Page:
Skip to main content

Australians respond generously in times of crisis, but ensuring help goes where it is needed is important, warns the charities regulator, the Australian Charities and Not-for-profits Commission (ACNC).

“Charities play an important role in supporting the victims of natural disasters,” said ACNC Commissioner the Hon Dr Gary Johns.

“They provide essentials like food, shelter and counselling to people affected by disasters, and they often rely on public support to do this.”

However, there are potential pitfalls for people who wish to fundraise as well as people who wish to donate, the regulator warned.

“People starting up disaster charities can inadvertently get into strife if they don’t understand the regulations or their obligations.
“Even when they are responding to emergency, charities need to keep separate personal and charity accounts and obey fundraising guidelines,” Dr Johns said.

There are some basic checks people can do to ensure they are fundraising correctly or donating to a verified charity.

Tips for fundraisers:

  • Find out whether there are any organisations that are already involved in the recovery effort. It may be beneficial to contribute to, or partner with, an organisation that already has resources in the affected area or disaster expertise, rather than setting up a new charity.
  • Make sure any activities your charity undertakes are furthering its charitable purpose – the purpose for which the charity exists. Charities must only work towards their charitable purpose. If you’re unsure about what this means, contact the ACNC.
  • If you wish to establish an Australian disaster relief fund (a type of deductible gift recipient (DGR)), you will need to register with the ACNC or be operated by an organisation that is registered with the ACNC. Government agencies or funds operated by a government agency do not need to be registered with the ACNC.
  • The Australian Taxation Office (ATO) provides more information about establishing an Australian disaster relief fund and other categories of DGR. The ACNC will fast-track any applications that are made in response to a natural disaster.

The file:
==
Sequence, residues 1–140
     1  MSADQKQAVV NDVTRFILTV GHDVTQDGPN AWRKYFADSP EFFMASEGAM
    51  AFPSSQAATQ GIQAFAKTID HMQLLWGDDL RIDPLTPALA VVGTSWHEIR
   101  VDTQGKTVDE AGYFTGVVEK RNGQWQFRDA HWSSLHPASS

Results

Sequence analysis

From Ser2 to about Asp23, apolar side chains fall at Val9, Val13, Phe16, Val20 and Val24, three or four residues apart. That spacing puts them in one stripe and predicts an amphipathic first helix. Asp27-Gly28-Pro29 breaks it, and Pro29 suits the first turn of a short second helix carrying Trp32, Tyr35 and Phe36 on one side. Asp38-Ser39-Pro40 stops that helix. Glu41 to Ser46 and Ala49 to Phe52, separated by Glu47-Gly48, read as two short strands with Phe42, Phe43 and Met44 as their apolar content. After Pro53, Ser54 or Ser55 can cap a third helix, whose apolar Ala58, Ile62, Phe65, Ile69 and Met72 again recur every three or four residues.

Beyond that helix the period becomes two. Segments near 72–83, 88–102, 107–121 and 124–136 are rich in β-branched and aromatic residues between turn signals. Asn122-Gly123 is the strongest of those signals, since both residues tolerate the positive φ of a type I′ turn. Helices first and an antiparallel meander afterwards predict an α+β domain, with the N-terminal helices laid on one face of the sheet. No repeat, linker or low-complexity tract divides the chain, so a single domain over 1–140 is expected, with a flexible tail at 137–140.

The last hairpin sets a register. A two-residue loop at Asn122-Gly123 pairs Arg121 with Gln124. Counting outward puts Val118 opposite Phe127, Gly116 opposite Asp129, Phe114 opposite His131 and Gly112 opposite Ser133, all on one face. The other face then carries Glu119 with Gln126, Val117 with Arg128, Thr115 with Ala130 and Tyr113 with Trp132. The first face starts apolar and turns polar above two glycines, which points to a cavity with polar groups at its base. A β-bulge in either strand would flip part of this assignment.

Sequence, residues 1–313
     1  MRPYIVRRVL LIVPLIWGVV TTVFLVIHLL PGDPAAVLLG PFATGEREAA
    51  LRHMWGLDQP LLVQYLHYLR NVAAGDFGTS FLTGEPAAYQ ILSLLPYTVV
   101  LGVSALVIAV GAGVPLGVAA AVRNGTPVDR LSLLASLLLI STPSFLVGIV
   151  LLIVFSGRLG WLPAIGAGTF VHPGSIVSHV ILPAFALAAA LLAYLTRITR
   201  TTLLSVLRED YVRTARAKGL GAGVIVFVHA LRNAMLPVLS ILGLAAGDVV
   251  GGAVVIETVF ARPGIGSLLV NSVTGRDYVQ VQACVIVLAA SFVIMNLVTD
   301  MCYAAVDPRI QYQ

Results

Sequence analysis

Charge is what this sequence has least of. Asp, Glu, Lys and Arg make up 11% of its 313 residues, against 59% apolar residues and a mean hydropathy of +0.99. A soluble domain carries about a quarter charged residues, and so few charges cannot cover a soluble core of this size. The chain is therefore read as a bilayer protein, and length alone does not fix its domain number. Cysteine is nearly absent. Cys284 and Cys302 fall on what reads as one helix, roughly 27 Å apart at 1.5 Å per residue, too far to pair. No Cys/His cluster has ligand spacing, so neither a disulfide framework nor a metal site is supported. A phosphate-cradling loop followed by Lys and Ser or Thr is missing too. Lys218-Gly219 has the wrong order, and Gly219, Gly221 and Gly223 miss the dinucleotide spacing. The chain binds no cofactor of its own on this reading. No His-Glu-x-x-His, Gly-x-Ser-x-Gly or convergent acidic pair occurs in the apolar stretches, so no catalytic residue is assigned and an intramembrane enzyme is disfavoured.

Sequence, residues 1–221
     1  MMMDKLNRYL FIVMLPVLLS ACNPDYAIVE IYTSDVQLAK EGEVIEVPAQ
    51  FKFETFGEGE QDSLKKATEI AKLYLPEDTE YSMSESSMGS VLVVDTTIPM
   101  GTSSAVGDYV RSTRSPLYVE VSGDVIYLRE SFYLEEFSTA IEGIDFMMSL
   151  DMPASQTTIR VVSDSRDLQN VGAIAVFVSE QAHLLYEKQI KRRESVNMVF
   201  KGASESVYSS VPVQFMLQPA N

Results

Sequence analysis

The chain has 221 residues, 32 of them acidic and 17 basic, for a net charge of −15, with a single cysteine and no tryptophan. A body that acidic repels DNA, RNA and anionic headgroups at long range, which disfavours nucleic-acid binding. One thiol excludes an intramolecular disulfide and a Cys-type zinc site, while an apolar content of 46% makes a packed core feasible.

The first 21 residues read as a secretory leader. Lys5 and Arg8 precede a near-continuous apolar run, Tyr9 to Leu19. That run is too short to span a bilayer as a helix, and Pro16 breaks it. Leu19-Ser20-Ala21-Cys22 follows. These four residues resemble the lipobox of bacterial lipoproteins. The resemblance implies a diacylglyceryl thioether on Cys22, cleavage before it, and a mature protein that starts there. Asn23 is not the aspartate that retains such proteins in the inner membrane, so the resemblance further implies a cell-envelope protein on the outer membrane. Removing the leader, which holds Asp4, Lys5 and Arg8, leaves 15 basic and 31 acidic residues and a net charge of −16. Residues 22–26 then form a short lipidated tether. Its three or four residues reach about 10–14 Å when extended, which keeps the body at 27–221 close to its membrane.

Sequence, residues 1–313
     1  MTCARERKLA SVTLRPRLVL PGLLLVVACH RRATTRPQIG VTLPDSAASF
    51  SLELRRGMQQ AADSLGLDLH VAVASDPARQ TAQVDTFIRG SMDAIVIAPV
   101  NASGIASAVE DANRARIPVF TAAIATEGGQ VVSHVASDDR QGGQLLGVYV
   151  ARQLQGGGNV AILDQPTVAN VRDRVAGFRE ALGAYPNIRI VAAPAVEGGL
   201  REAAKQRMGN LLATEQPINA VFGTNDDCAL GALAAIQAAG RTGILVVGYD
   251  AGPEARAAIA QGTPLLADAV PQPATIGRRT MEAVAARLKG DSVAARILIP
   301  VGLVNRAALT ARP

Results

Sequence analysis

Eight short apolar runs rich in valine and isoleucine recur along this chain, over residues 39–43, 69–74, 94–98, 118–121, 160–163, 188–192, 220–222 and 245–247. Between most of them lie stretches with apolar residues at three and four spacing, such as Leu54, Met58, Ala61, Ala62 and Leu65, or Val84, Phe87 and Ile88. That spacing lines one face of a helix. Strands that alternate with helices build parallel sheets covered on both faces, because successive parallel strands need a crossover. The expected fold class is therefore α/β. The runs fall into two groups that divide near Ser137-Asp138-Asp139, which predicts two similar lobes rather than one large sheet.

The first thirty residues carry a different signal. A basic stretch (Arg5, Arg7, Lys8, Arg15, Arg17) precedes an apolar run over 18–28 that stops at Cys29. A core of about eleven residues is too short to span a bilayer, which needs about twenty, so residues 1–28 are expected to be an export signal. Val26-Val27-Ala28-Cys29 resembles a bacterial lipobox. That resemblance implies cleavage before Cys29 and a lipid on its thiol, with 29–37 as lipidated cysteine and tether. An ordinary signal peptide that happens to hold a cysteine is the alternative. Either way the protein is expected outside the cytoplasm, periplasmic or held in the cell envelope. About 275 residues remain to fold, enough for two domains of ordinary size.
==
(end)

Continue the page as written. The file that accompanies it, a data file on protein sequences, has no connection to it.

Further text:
• Check with your relevant state or territory fundraising regulator before you undertake any fundraising activity. Your charity may need register to collect charitable donations and comply with fundraising regulation.

What not to do

  • Don’t start raising money until you are familiar with how fundraising is regulated in the state or territory you wish to fundraise in.
  • Don’t enter disaster areas without checking with local authorities first. Try to coordinate any practical assistance with other organisations in the area and consider the safety of your staff and volunteers.

For donors

Charities in Australia are regulated by the Australian Charities and Not-for-profits Commission. To receive Commonwealth tax concessions, charities must be registered with the ACNC.

  • If you want to donate to a cause, look for established and recognised charities that are running verified disaster appeals. Registered charities will appear on the ACNC Charity Register.
  • If you receive a call from someone claiming to represent a charity, you can ask to call them back. Search for the charity on the Register and use the phone number published there.
  • Do not open suspicious or unsolicited emails – delete them.
  • Always ask for identification from door-to-door and street fundraising collectors.
  • If you think that there is something wrong, contact the charity directly and alert them of your concerns. You can also contact the ACNC on 13 ACNC (13 22 62).
  • Visit the Australian Government’s Scamwatch website for a list of known scams and information on how to avoid scams.

To contact the ACNC call 132262 or check the charity register at

Media contacts: Call the ACNC media team on 0466 089 108 or email